The most common malignant tumor in the proximal two thirds of the esophagus is squamous cell carcinoma; adenocarcinoma is the most common in the distal one third. Symptoms are progressive dysphagia and weight loss. Diagnosis is by endoscopy, followed by CT and endoscopic ultrasound for staging. Treatment varies with stage and generally includes surgery with or without chemotherapy and radiation. Long-term survival is poor except for patients with local disease.
(See also the American College of Gastroenterology's practice guidelines for esophageal cancer.)
Esophageal cancer accounts for an estimated 18,200 cases and 15,500 deaths in the US annually.
Squamous cell carcinoma:
About 8000 cases occur annually in the US. Squamous cell carcinoma is more common in parts of Asia and in South Africa. In the US, it is 4 to 5 times more common among blacks than whites, and 2 to 3 times more common among men than women.
The primary risk factors are
Other factors include achalasia (see Achalasia), human papillomavirus, lye ingestion (resulting in stricture), sclerotherapy, Plummer-Vinson syndrome, irradiation of the esophagus, and esophageal webs. Genetic causes are unclear, but 50% of patients with tylosis (hyperkeratosis palmaris et plantaris), an autosomal dominant disorder, have esophageal cancer by age 45, and 95% have it by age 55.
Adenocarcinoma occurs in the distal esophagus. Its incidence is increasing; it accounts for 50% of esophageal carcinoma in whites. It is 4 times more common among whites than blacks. Alcohol is not an important risk factor, but smoking is contributory. Adenocarcinoma of the distal esophagus is difficult to distinguish from adenocarcinoma of the gastric cardia invading the distal esophagus.
Most adenocarcinomas arise in Barrett esophagus, which results from chronic gastroesophageal reflux disease and reflux esophagitis (see Gastroesophageal Reflux Disease (GERD)). In Barrett esophagus, a metaplastic, columnar, glandular, intestine-like mucosa with brush border and goblet cells replaces the normal stratified squamous epithelium of the distal esophagus during the healing phase of acute esophagitis when healing takes place in the continued presence of stomach acid. Obesity is associated with a 16-fold increased risk of esophageal adenocarcinoma, probably because obesity is a contributing factor to reflux.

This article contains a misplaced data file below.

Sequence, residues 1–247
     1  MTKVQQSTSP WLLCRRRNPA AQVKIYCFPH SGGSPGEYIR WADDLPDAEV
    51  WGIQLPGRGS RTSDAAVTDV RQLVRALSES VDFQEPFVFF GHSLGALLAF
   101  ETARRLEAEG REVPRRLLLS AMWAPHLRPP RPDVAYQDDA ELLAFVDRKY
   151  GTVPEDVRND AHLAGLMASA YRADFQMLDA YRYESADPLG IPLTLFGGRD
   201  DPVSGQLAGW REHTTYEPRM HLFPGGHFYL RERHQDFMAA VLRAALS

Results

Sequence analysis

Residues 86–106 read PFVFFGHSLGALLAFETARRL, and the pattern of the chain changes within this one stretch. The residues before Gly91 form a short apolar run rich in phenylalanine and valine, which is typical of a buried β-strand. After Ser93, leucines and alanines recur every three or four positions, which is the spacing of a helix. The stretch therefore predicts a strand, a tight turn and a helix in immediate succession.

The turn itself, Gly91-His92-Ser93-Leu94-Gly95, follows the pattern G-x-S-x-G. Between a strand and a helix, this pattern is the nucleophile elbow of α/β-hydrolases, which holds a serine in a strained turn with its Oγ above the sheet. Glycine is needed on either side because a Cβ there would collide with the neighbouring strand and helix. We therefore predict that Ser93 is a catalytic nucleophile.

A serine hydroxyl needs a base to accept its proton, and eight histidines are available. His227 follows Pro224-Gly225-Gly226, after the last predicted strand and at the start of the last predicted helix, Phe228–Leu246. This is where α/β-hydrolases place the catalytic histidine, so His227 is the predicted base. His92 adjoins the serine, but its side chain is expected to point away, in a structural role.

Other malignant tumors:
Less common malignant tumors include spindle cell carcinoma (a poorly differentiated variant of squamous cell carcinoma), verrucous carcinoma (a well-differentiated variant of squamous cell carcinoma), pseudosarcoma, mucoepidermoid carcinoma, adenosquamous carcinoma, cylindroma (adenoid cystic carcinoma), primary oat cell carcinoma, choriocarcinoma, carcinoid tumor, sarcoma, and primary malignant melanoma.
Metastatic cancer constitutes 3% of esophageal cancer. Melanoma and breast cancer are most likely to metastasize to the esophagus; others include cancers of the head and neck, lung, stomach, liver, kidney, prostate, testis, and bone. These tumors usually seed the loose connective tissue stroma around the esophagus, whereas primary esophageal cancers begin in the mucosa or submucosa.
Symptoms and Signs
Early-stage esophageal cancer tends to be asymptomatic. When the lumen of the esophagus becomes constricted to < 14 mm, dysphagia commonly occurs. The patient first has difficulty swallowing solid food, then semisolid food, and finally liquid food and saliva; this steady progression suggests a growing malignant process rather than a spasm, benign ring, or peptic stricture. Chest pain may be present, usually radiating to the back.